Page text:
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About the book
  • Published: 5 May 2008
  • ISBN: 9780141032603
  • Imprint: Penguin General UK
  • Format: Paperback
  • Pages: 256
  • RRP: $19.99
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The Stone Gods


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The Stone Gods is one of Jeanette Winterson's most imaginative novels -- an interplanetary love story; a traveller's tale; a hymn to the beauty of the world
On the airwaves, all the talk is of the new blue planet - pristine and habitable, like our own 65 million years ago, before we took it to the edge of destruction. And off the air, Billie and Spike are falling in love. What will happen when their story combines with the world's story, as they whirl towards Planet Blue, into the future? Will they - and we - ever find a safe landing place?
%%%The Stone Gods is one of Jeanette Winterson's most imaginative novels -- an interplanetary love story; a traveller's tale; a hymn to the beauty of the world
On the airwaves, all the talk is of the new blue planet - pristine and habitable, like our own 65 million years ago, before we took it to the edge of destruction. And off the air, Billie and Spike are falling in love. What will happen when their story combines with the world's story, as they whirl towards Planet Blue, into the future? Will they - and we - ever find a safe landing place?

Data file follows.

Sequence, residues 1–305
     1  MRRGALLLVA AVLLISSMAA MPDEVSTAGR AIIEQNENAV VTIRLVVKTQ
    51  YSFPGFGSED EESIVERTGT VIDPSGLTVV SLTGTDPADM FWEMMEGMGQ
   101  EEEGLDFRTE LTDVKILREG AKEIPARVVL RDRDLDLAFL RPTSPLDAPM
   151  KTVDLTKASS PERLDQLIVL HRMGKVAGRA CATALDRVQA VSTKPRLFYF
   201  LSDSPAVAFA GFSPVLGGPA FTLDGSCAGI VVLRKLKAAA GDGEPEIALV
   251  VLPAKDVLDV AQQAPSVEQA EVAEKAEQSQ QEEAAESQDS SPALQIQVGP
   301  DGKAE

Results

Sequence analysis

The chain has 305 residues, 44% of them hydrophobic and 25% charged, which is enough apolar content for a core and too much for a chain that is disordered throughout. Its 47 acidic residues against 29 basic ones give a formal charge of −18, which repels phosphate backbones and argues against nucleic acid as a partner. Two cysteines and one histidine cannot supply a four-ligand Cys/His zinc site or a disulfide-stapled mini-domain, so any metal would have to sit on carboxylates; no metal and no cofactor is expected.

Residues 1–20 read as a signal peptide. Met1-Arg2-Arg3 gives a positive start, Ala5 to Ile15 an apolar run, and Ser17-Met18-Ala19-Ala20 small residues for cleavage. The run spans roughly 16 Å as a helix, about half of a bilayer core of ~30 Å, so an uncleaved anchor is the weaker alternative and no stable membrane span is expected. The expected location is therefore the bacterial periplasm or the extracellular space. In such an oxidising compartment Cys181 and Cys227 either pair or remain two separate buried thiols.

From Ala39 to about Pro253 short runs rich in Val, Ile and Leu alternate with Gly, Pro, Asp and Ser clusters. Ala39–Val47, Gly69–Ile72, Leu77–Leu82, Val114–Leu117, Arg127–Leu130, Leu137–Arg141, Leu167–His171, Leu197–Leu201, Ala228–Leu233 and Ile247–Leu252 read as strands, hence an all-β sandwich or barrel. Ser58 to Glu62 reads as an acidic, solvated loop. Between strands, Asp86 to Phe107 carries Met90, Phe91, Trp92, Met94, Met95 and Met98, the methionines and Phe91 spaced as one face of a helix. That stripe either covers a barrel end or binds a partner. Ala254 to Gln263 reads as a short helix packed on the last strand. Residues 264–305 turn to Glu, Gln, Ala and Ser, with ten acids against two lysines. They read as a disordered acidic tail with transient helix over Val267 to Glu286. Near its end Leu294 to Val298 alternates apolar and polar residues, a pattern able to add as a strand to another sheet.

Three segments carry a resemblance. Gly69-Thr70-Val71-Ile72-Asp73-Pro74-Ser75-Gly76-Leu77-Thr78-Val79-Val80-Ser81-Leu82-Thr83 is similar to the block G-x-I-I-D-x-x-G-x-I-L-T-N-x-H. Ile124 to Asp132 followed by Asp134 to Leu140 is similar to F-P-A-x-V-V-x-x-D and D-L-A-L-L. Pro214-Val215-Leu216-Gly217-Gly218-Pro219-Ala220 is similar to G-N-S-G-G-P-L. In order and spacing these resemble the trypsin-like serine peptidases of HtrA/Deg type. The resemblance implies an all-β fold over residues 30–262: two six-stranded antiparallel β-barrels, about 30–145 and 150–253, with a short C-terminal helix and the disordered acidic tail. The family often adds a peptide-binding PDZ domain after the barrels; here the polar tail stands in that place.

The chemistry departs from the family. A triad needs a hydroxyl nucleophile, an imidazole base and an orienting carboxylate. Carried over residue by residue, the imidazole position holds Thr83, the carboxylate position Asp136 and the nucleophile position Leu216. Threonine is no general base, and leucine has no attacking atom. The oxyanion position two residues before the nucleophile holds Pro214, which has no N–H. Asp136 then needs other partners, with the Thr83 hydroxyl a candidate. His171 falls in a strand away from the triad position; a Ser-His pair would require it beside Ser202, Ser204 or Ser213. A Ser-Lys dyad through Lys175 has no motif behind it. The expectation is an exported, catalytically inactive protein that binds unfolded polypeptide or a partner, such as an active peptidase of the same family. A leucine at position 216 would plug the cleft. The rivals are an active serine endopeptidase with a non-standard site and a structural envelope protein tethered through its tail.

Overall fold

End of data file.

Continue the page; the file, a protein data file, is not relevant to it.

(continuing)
Jeanette Winterson OBE, whose writing has won the Whitbread Award for Best First Novel, the John Llewellyn Rhys Memorial Prize and the E.M. Forster Award, is the author of some of the most purely imaginative and pleasurable novels of recent times, from Oranges Are Not the Only Fruit to her first book for children, Tanglewreck. She is also the author of the essays Art Objects. Visit her website at www.jeanettewinterson.com

  • Pub date: 5 May 2008
  • ISBN: 9780141032603
  • Imprint: Penguin General UK
  • Format: Paperback
  • Pages: 256
  • RRP: $19.99

About the Author

Jeanette Winterson

Jeanette Winterson OBE was born in Manchester. Adopted by Pentecostal parents she was raised to be a missionary. This did and didn’t work out.

Discovering early the power of books she left home at 16 to live in a Mini and get on with her education. After graduating from Oxford University she worked for a while in the theatre and published her first novel at 25. Oranges Are Not The Only Fruit is based on her own upbringing but using herself as a fictional character. She scripted the novel into a BAFTA-winning BBC drama. 27 years later she re-visited that material in the bestselling memoir Why Be Happy When You Could Be Normal? She has written 10 novels for adults, as well as children’s books, non-fiction and screenplays. She writes regularly for the Guardian. She lives in the Cotswolds in a wood and in Spitalfields, London.

She believes that art is for everyone and it is her mission to prove it.

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